Generally, the comparability of studies within and across populations on the perinatal outcomes of AMA is usually hindered by variations in the choice of confounders and age classification for AMA (≥35 or ≥40 years) and their controls (≤30 or ≤35 years). For example, AMA was significantly less likely to be associated with fetal growth restriction only when compared with 20–30 years old mothers but not YMA (≤35 years). This would appear to be consistent with studies that reported lack of statistically significant association between AMA and fetal growth restriction [11, 12]. However, in their case–control study of women with IUGR (defined as birthweight ≤10th percentile for gestational age) and non-IUGR, Odibo et al. found AMA to be an independent risk factor for IUGR with the highest odds reported among mothers 40 years or older after adjusting for pregestational diabetes, chronic hypertension, illicit drug use and aneuploid fetuses [25]. Gestational ages were all confirmed by first- or second-trimester ultrasound. Thus the finding in our study would appear inconclusive and warrant further investigation controlling for all potential maternal and fetal confounders as well as ultrasonographic confirmation of gestational age.

The prominent maternal factors associated with AMA in this study are consistent with the widely reported findings in the literature from both developed and developing countries. For example, the association of AMA with increased parity has been reported specifically in developed countries [5, 10] as well as in developing countries [13, 17]. The significantly higher odds (OR: 10.83) associated with grand multiparity in this study as compared to levels typically reported in developed countries would suggest that AMA was less likely to be underpinned by career choices and more likely by poor family planning and cultural predisposition to large family from early age as in many resource-poor countries. The higher odds of AMA among married mothers are consistent with the cultural values in many traditional communities in developing countries which do not encourage single parenting. The association between AMA and maternal occupation may be explained by predominantly anecdotal evidence on the impact of educational and professional/career pursuits on delayed childbearing especially in urban populations. The association of AMA with cesarean delivery is well documented worldwide [1, 2, 12, 13, 15, 17, 19] and in agreement with our earlier finding in this population where the perception of pregnancy related risks was found to be poorer among younger mothers resulting in a higher proportion of emergency cesarean [22]. Studies exploring the association between AMA antenatal care, HIV and cephalopelvic disproportion are relatively sparse. The recognition of the high risk of obstetric complications commonly associated with AMA may account for the significantly higher uptake of antenatal care among affected mothers which was observed with multiparous AMA as compared to multiparous YMA mothers. It is quite plausible that the higher uptake of antenatal care by AMA mothers would have contributed to the higher rates of elective cesarean section and in turn resulted in the minimal risks for adverse perinatal outcomes in this population. However, the uptake of antenatal care by AMA mothers and their controls was significantly less in absolute terms when compared with rates reported in developed countries and thus merits greater attention for improved utilization [26]. It is noteworthy that the perception of pregnancy risk among primiparous AMA and YMA as well as grand-multiparous AMA and YMA was identical as reflected by the lack of statistically significant difference in antenatal care uptake.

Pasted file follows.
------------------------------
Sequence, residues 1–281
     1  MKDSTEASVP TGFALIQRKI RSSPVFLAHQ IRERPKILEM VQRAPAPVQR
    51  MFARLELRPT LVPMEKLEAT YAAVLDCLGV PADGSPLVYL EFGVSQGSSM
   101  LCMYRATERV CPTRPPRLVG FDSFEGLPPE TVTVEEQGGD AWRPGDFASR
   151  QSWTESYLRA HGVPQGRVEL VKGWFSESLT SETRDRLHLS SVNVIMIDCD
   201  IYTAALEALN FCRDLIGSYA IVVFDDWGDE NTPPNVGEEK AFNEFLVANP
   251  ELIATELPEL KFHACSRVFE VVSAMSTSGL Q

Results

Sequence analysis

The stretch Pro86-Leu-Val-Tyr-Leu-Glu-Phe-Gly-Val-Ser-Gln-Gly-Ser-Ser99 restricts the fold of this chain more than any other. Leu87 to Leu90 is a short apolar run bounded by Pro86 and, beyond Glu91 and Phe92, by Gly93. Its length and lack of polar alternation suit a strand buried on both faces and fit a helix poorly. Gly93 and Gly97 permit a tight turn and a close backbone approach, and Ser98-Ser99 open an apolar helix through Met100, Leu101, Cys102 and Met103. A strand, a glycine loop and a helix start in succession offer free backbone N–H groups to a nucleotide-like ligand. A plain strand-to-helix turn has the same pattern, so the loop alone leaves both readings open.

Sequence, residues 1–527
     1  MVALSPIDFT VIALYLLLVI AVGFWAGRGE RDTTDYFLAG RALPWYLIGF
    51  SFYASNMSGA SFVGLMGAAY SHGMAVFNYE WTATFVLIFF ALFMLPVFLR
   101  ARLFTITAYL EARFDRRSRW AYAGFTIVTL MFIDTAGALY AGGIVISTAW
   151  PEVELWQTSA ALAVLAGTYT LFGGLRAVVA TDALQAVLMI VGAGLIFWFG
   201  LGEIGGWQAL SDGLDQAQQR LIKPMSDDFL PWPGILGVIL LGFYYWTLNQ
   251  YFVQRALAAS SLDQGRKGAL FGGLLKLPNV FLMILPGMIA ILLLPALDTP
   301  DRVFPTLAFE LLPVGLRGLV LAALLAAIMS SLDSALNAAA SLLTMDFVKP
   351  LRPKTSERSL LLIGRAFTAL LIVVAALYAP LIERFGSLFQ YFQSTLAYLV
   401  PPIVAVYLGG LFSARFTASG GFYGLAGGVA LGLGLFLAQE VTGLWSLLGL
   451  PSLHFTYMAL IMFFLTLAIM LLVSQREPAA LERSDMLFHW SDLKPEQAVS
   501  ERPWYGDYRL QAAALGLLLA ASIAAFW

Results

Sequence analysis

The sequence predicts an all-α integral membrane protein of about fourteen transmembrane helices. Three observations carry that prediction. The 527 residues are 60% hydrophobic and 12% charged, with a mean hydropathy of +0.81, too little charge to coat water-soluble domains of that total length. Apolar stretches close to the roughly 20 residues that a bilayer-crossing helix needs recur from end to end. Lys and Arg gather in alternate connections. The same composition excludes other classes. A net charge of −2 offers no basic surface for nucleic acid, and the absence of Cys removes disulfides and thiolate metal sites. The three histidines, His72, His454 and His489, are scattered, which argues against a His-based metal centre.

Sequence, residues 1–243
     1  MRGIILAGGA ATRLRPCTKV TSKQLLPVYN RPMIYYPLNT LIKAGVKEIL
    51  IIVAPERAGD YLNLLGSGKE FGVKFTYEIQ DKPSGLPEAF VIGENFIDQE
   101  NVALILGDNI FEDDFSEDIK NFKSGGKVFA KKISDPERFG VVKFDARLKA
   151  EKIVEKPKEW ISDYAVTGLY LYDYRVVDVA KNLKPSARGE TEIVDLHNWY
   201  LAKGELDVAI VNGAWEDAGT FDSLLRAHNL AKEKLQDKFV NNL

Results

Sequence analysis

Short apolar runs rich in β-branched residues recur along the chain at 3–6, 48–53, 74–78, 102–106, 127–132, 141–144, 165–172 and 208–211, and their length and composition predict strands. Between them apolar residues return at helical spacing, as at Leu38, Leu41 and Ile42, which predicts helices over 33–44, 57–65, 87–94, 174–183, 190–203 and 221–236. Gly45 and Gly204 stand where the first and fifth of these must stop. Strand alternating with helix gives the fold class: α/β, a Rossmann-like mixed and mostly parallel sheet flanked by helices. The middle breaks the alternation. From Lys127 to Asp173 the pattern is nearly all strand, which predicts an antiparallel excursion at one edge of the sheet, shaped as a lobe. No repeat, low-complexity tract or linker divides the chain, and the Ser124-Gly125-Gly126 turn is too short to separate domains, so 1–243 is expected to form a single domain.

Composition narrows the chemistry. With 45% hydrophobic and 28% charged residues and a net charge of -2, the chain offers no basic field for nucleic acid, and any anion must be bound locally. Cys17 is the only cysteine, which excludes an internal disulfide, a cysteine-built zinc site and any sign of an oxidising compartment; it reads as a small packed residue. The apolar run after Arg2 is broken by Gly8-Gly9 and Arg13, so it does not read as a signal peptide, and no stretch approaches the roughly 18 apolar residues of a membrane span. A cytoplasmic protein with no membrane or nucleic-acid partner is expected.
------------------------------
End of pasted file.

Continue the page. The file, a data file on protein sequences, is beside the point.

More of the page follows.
The inverse association between AMA and HIV accords with the global epidemiological profile of HIV which shows 45% incidence among the younger adults 25 years or below [27]. The inverse relationship between AMA and cephalopelvic disproportion may be explained by the fact that only one-quarter (25.3%) of AMA mothers were primiparous as compared to over half (53.9%) of YMA mothers. Furthermore, the increased likelihood of multiparous AMA mothers being Muslims as compared to primiparous AMA mothers is corroborated by a similar study from East Asia [13] thus reflecting the more common traditional practice of early marriage among this religious group in developing countries.

While the evidence in the literature on the impact of AMA on perinatal mortality remains conflicting [2, 6, 28], the recruitment criteria for the primary UNHS program precluded an exploration of this association in this study. And like most hospital-based studies in developing countries where majority of deliveries occur outside health facilities, the generalisability of the results still needs to be validated in population-based studies. However, no material threat to the external validity of the main findings for comparable hospital settings is anticipated based on corroborative evidence from other cross-cultural studies. Moreover, the careful selection of controls and systematic matching with cases, the adequately powered sample size, the satisfactory model calibration and narrow confidence intervals are notable strengths of this study. The prospective recruitment of participants into the primary study over a period of approximately 30 months also provided on-going opportunity for timely verification of implausible data commonly resulting from misclassification of patient records, poor maternal recall or lack of clinically validated diagnoses. Overall, this study adds to the current body of evidence demonstrating that high-risk AMA mothers may not necessarily be associated with adverse perinatal outcomes in settings with good antenatal uptake and maternal favorable disposition to planned cesarean section. It also demonstrates the value of context-specific studies to verify the widely reported adverse outcomes attributable to delayed childbearing.

Conflict of interest

None declared by both authors.

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© Springer-Verlag 2011